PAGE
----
This week, I bought plane tickets, much to the dismay of my battered and bruised bank account. A childhood friend is traveling from L.A. to meet me in Ireland for my spring break. I realized this will probably be the last time I will be on an airplane until I fly back to the United States for good. It is a strange feeling. I have become so accustomed to European travel being inexpensive and quick. But soon, European travel will once again become expensive and time consuming.

I am so grateful for all the travel I’ve been able to do recently. Traveling was always a goal of mine, but I didn’t take my first international trip until I was 31.

Another volunteer commented that I seem to take a lot of weekend trips and asked how I’ve budgeted my vacation time. I told her my longest trip was my first Christmas break (9? days in Paris). My only other longish trips were spring break last year and a week I spent in the U.S. last summer. Aside from that, I didn’t travel at all in the summer. I was afraid of blowing through all my money at once. It was hard at the time, sitting in my boiling-hot bedroom with a fan pointed at me while many of my friends were off traveling. But taking shorter, more frequent trips this fall and winter have done a lot for my mental health.

Since last summer, I have spent 2 nights in Sweden, 4 nights in London with my parents, took a bus trip to Serbia, and spent a long weekend in Amsterdam at my friend’s place.

Now that my time serving in the Peace Corps is starting to wind down, it is hard to think about all the places I didn’t get to see while I was in Europe. But, I don’t have unlimited time or money (who does?). I am happy with the places I’ve been able to go and to be able to spend time with my family and friends.

Let me know if you have any food/fun suggestions for my Ireland trip! Talk to you on Monday. I read an interesting book about the Balkans and will be sharing more about that. 🙂

Crochted Christmas Lights

Crocheted Christmas Lights
Crocheted Christmas Lights

My mom recently told me about a cute crochet project she’d seen — Christmas Lights! I decided to make some for her as a surprise (but then I ruined the surprise by telling her about them).

I followed this easy pattern. The project was easy, just a bit slow and tedious. I am pretty happy with the end result, though.

A string of crocheted Christmas lights
I don’t have a mantle …
Crocheted bulb
For scale

Umm … Merry Christmas in February?

Lights
Christmas, Christmas time is here …

Books I Read in 2017

I read a total of 56 books this year, surpassing my goal of one book per week!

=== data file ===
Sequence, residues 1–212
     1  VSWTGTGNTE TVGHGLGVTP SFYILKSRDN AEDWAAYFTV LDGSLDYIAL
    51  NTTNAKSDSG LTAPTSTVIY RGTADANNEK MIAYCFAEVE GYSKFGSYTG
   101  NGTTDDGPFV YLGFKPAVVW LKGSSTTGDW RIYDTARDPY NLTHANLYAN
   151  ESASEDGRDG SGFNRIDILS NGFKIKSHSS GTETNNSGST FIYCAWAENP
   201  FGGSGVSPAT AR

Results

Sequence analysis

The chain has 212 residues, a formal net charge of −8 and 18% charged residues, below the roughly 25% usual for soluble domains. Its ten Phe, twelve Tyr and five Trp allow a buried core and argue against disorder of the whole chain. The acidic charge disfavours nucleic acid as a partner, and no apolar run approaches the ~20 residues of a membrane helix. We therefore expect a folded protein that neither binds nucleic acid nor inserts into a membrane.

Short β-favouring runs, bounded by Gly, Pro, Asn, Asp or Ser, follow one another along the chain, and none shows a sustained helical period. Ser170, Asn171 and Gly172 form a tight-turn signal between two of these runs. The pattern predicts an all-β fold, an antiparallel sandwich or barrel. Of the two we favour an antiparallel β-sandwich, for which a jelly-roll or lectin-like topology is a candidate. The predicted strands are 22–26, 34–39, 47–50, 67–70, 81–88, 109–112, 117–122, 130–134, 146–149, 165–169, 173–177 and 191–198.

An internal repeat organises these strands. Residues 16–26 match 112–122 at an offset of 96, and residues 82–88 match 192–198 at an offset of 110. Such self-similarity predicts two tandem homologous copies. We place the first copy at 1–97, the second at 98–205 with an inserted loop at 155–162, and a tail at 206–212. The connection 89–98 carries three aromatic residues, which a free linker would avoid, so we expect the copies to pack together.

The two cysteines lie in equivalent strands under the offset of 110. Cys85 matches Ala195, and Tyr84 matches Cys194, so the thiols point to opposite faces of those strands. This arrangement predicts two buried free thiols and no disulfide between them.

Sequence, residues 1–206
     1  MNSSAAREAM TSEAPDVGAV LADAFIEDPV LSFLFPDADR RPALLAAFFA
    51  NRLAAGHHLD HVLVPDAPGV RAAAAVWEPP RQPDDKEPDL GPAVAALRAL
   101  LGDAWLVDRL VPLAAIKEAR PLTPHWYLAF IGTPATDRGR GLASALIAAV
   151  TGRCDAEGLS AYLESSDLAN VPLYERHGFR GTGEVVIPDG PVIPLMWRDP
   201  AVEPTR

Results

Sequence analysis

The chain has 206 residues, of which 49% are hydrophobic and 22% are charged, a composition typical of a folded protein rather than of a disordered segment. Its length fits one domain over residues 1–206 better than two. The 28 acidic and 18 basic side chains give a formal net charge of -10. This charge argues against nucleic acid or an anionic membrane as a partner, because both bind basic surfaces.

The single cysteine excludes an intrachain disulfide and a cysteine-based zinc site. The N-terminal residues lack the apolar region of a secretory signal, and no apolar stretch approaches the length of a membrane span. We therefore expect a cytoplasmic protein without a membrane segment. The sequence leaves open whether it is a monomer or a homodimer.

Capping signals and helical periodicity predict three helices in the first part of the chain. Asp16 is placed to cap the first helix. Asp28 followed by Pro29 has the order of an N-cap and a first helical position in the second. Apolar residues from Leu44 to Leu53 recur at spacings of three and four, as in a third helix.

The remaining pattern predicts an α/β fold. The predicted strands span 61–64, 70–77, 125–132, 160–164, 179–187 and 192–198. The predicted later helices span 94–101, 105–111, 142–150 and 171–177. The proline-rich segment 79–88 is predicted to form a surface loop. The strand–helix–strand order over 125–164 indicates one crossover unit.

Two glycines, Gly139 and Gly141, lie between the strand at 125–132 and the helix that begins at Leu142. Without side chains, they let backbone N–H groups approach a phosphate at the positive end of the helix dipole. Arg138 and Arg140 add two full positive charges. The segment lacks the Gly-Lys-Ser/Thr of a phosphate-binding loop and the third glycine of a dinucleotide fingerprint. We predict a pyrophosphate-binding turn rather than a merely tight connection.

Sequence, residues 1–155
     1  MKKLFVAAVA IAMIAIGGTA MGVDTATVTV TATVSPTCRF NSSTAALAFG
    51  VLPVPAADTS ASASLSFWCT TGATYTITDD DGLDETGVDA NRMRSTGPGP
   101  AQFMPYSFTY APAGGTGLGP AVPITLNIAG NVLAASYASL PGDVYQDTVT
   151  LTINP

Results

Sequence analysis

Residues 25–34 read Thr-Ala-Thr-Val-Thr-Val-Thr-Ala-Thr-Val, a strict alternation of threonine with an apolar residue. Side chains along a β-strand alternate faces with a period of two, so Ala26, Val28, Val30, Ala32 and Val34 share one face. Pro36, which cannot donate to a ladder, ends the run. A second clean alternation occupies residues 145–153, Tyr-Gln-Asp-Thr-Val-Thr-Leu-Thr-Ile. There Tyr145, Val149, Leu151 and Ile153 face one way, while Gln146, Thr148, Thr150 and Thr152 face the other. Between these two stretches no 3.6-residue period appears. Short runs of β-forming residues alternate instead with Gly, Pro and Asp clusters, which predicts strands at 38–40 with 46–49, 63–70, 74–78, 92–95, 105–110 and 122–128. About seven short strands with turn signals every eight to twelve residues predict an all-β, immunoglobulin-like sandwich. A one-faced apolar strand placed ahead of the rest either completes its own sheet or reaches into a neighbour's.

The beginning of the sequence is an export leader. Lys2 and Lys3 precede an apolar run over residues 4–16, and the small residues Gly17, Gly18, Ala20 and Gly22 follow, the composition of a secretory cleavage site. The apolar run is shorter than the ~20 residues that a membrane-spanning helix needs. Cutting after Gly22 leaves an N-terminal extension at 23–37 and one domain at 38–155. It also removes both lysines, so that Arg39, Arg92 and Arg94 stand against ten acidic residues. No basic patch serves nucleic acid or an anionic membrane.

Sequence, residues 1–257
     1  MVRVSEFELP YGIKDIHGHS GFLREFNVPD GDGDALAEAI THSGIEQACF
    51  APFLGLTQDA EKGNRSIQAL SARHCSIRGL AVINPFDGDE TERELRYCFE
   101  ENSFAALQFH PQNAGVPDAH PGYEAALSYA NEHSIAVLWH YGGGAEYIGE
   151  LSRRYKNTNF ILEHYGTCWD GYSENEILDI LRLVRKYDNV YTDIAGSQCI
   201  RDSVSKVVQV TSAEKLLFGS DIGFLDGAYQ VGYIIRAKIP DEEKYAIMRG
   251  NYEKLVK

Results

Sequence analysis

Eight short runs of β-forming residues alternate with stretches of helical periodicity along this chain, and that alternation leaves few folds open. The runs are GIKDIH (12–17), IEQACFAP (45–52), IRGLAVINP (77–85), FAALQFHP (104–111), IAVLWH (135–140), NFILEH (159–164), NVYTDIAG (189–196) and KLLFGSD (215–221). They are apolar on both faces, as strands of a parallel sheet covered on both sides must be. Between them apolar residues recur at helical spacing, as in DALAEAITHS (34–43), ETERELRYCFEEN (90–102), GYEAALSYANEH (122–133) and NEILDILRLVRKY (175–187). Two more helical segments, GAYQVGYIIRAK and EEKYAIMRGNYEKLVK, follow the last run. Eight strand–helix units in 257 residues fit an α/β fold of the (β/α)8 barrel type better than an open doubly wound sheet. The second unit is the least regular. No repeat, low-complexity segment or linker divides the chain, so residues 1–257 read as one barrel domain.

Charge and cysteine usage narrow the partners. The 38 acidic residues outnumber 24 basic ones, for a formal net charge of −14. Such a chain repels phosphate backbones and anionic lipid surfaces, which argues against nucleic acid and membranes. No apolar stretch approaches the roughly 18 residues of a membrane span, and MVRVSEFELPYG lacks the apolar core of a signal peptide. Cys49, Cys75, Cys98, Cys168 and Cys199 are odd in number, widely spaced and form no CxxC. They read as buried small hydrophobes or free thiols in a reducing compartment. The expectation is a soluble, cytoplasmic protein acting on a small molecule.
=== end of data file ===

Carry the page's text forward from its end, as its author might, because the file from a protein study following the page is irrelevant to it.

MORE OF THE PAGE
Below is a list of every book I read this year. (A * denotes a re-read.) After the list, I have broken the books into categories. If you are looking for something to read, check out my best (and worst!) books of 2017.

Faithful Place* by Tana French
Buddha and the Borderline by Kiera Van Gelder
Scrappy Little Nobody by Anna Kendrick
Wild* by Cheryl Strayed
Swing Time by Zadie Smith
A Man Called Ove by Fredrik Backman
Veronia by Mary Gaitskill
The Book Thief by Markus Zusak
Orphan Train by Christina Baker Kline
The Roman Spring of Mrs. Stone by Tennessee Williams
The One I Left Behind by Jennifer McMahon
Don’t Breathe a Word by Jennifer McMahon
Pretty Girls by Karen Slaughter
The Elegance of the Hedgehog by Muriel Barbery
Flight Behavior by Barbara Kingsolver
Girl at War by Sara Novic
The Bastard of Istanbul by Elif Shafak
To Kill a Mockingbird* by Harper Lee
Go Set a Watchman by Harper Lee
All He Ever Wanted by Anita Shreve
Beautiful Bodies by Laura Shaine Cunningham
White Oleander* by Janet Fitch
Feast of Sorrow by Crystal King
A Good Year by Peter Mayle
The Potter’s Field by Andrea Camilleri
Mirror in the Sky by Aditi Khorana
Far From the Tree by Andrew Solomon
The Stand by Stephen King
Food: A Love Story by Jim Gaffigan
Dad is Fat by Jim Gaffigan
A Mother’s Reckoning by Sue Klebold
A Mercy by Toni Morrison
Where the Red Fern Grows by Wilson Rawls
The Perks of Being a Wallflower by Stephen Chbosky
We are Never Meeting in Real Life by Samantha Irby
The Kill Artist by Daniel Silva
The Silver Linings Playbook by Matthew Quick
The Particular Sadness of Lemon Cake by Aimee Bender
Dolores Claiborn by Stephen King
The Power of Now by Eckhart Tolle
Best American Short Stories of 2011 (edited by Geraldine Brooks)